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Sender: owner-imap@webmap.missouri.edu
Date: Thu, 13 Nov 97 08:29:18 CST
From: rich%pencil@interbit.cren.net (Rich Winkel)
Organization: PACH
Subject: El Salvador Watch: November 1997
Article: 21799

/** reg.elsalvador: 32.0 **/
** Topic: El Salvador Watch: November 1997 **
** Written 7:11 PM Nov 12, 1997 by cispesnatl@igc.org in cdp:reg.elsalvador **

Globalization takes toll on agriculture

El Salvador Watch, No.64, November 1997

The world over, the process of economic globalization is taking a devastating toll on agricultural communities.

This has been true in the United States, and is certainly a phenomenon El Salvador has been facing as the ARENA government imposes the neoliberal economic model designed in Washington.

At the insistence of the World Bank, many governments are re-orienting their economies to exclusively benefit big business. One aspect of this is the promotion of policies that encourage the opening of agricultural markets in developing countries to competition from agro-businesses in the North.

By also starving small farmers and cooperatives of credits and other support, these policies are driving them to extinction. Aside from ruining the livelihoods of millions, this destroys the capacity of developing countries to produce their own food.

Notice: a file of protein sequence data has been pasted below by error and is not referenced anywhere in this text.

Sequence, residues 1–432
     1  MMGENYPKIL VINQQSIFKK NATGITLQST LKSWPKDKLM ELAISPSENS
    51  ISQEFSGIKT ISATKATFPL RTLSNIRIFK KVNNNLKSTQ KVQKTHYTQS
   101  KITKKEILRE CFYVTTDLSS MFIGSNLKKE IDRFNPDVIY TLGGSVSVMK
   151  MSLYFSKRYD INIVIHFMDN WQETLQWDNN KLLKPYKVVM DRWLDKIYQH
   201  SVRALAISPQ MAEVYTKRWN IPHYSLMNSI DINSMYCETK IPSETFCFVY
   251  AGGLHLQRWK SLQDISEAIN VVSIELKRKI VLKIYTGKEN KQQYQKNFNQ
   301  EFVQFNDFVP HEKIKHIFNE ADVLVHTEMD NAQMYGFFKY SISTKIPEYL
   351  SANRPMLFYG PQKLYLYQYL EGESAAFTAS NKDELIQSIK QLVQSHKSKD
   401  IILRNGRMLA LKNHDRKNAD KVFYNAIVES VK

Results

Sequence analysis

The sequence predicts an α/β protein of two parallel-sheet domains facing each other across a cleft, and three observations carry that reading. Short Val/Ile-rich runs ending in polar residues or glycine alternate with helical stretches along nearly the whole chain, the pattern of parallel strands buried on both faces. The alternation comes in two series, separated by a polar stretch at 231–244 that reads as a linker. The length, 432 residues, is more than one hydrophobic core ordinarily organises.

Like the provision of healthcare, social security and other essential services, the global economic powers see food not as a right, but merely as another commodity.

Therefore, its production can be turned over to corporations, as a simple money-making enterprise.

In their view, the rules of the global economy must be written to allow corporations the freedom to profit from food production. They must also therefore deny governments the freedom to guarantee a food supply for its own population by supporting agricultural producers.

By forgiving its agrarian debt, El Salvador's legislature has delivered a stinging rebuke to these misguided rule-makers.

Asked about the World Bank's certain disapproval, David Hernandez, an alternate deputy to the Assembly for the FMLN (who is currently on a CISPES-sponsored tour in the United States) commented that "El Salvador is a sovereign country and the World Bank will just have to learn to live with it."

"El Salvador Watch" is produced nationally by CISPES. CISPES is a national organization with chapters in 25 cities around the country. In addition to our National Office listed above, we maintain the following regional offices:

Western States Regional Office
San Francisco, CA
(415) 648-6520

Midwest Regional Office
Minneapolis, MN
(612) 872-0944

East Coast Regional Office
New York, NY
(212) 229-1290

New England Office
Boston, MA
(617) 524-1166

Produced by CISPES, the Committee in Solidarity with the People of El Salvador,
P.O. Box 1801, New York, NY 10159
(212) 229-1290, cispesnatl@igc. org